January 25, 2021

Volume XI, Number 25


January 22, 2021

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FCA confirms new timeline for consultation on duty of care for regulated firms

The FCA has just updated on the work that it had stopped or postponed in order to allow it to focus on the more urgent work that has been required of the regulator as a result of the Covid-19 pandemic and the resultant economic turmoil.

The FCA’s statement commented on its work in relation to a new duty of care for firms (and potential alternative approaches), which had been delayed due to Covid-19. The FCA had intended to consult on this topic by the end of the year. It has now updated that and stated it hopes to consult on the topic in the first quarter of 2021.

By way of reminder, back in 2018 the FCA published a Discussion Paper, which considered that the current regulatory and legal regime relevant to the duty of care did not go far enough, and that the regulator may need to consider what form a new duty of care might take, and how it might be implemented. For more information and comment on the Discussion Paper and the current regulation, see our previous blog post here.

The period for feedback on the publication of the Discussion Paper ended on 2 November 2018, and in April 2019 the FCA published a Feedback Statement containing a summary of the responses. Most respondents agreed that “levels of harm to consumers are high”, but there was disagreement around whether a new duty was the correct way forward, or whether changes should be made to the existing regulatory framework.

In light of this, the FCA confirmed in the Feedback Statement, and re-iterated in its recent update, that it is committed to reviewing how it applies the regulatory framework, and in particular the Principles for Business, focusing on “how new or revised Principles could strengthen and clarify firms’ duties to consumers”. The FCA further confirmed that it will look to examine which options are “most effective and proportionate”.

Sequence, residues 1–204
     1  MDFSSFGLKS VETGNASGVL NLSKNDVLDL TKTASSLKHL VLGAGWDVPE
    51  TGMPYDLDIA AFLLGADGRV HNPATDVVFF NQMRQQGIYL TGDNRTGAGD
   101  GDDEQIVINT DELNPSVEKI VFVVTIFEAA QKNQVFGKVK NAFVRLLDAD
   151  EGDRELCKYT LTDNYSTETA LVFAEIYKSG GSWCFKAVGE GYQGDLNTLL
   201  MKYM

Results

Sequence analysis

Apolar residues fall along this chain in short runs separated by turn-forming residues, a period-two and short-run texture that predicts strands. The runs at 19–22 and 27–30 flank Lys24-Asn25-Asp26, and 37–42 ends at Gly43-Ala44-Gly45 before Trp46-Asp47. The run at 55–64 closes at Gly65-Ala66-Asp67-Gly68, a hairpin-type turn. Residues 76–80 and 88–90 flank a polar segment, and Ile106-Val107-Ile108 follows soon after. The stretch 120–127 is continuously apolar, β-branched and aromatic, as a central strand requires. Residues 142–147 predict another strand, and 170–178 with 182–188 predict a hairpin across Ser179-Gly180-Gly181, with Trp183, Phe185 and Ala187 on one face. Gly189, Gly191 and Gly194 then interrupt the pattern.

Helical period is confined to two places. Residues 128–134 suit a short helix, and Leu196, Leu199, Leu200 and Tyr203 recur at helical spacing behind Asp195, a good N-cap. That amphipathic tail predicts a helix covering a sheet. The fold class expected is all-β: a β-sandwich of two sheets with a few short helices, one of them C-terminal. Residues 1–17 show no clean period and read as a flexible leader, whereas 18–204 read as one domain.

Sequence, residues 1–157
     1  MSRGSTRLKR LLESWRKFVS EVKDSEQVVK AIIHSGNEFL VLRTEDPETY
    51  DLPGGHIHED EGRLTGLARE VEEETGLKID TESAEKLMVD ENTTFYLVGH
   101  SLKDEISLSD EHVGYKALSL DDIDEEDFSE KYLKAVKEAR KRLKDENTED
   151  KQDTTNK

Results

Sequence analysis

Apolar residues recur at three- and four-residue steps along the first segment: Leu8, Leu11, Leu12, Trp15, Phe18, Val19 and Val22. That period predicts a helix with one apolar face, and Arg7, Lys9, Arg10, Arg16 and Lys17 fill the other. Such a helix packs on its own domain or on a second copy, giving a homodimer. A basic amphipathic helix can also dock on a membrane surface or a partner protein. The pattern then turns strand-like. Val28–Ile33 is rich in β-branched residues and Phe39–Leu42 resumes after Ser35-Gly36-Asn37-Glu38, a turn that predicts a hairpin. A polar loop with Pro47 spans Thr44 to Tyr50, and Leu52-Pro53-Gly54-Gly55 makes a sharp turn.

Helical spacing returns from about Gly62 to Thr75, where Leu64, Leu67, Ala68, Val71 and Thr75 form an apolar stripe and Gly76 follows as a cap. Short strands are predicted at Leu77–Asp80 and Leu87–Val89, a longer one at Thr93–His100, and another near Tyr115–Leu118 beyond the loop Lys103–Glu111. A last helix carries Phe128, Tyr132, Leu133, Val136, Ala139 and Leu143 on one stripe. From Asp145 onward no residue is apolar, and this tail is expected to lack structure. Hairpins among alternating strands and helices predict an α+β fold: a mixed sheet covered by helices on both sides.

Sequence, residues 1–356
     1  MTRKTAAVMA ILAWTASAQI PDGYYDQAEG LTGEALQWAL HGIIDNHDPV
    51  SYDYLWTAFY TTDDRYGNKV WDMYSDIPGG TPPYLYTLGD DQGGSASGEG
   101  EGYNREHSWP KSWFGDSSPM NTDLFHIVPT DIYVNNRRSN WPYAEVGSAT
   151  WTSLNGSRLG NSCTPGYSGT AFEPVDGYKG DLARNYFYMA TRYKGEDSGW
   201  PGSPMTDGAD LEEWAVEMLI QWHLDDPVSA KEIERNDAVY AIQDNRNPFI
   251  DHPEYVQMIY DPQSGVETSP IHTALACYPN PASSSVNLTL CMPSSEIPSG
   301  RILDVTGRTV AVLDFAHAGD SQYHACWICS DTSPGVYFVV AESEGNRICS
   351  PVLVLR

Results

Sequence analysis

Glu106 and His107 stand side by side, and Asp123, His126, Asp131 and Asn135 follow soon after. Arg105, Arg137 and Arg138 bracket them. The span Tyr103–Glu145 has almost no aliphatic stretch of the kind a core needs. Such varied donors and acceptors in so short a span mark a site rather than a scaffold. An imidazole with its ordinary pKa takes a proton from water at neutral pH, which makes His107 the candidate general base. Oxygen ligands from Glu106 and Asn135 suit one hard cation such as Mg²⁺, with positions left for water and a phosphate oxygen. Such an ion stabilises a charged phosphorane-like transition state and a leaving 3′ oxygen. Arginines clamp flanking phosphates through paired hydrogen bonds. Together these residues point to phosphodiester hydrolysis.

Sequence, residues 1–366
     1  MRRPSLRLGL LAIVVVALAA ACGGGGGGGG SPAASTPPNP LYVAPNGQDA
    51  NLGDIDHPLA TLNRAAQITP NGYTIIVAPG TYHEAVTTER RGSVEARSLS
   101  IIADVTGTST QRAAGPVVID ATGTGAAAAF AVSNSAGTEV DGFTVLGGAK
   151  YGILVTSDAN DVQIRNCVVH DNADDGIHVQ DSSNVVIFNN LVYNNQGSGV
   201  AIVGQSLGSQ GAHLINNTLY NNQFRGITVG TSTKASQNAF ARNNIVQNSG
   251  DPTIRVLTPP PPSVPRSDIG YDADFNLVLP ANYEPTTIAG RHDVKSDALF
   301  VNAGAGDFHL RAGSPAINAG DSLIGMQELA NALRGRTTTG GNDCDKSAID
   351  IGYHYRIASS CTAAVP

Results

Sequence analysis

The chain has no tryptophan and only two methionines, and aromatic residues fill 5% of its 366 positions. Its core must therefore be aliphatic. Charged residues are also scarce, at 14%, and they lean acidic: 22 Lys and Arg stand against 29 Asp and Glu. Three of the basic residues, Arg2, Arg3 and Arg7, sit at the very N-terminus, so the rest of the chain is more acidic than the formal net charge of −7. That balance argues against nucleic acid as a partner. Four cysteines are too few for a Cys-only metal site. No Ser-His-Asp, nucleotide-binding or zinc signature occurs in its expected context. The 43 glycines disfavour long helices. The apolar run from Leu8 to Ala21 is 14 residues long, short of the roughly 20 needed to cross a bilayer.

Firms should keep an eye out for the consultation response in Q1 2021, to ensure that they are able to comply with any new duty obligations, or any new or revised Principles for Businesses, if or when they come into force.

© Copyright 2020 Squire Patton Boggs (US) LLPNational Law Review, Volume X, Number 328



About this Author

Garon Anthony Litigation Attorney Squire Patton Boggs Birmingham, UK

Garon is a partner in the Litigation Practice Group. He advises clients across the full range of commercial dispute issues, including cyber liability/data breach, professional negligence, banking, pensions and insurance.

Garon regularly acts for clients who are subject to investigations or disciplinary proceedings by national and international regulators, including most recently the Financial Conduct Authority, the Financial Reporting Council and the Dubai Financial Services Authority.

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Rose Chaudry, Squire Patton, Commercial Litigation Lawyer, Tortious Contracts Attorney

Rose Chaudry is an associate in the Litigation team with expertise in general commercial litigation. Rose qualified in September 2015 after completing her training contract with the firm.

Rose regularly acts for a diverse client base, including individuals and companies, from SMEs to PLCs. Rose has experience advising on a wide-range of matters of both a contractual and tortious nature, including breach of contract, breach of warranty, debt recovery, professional negligence and insurance.

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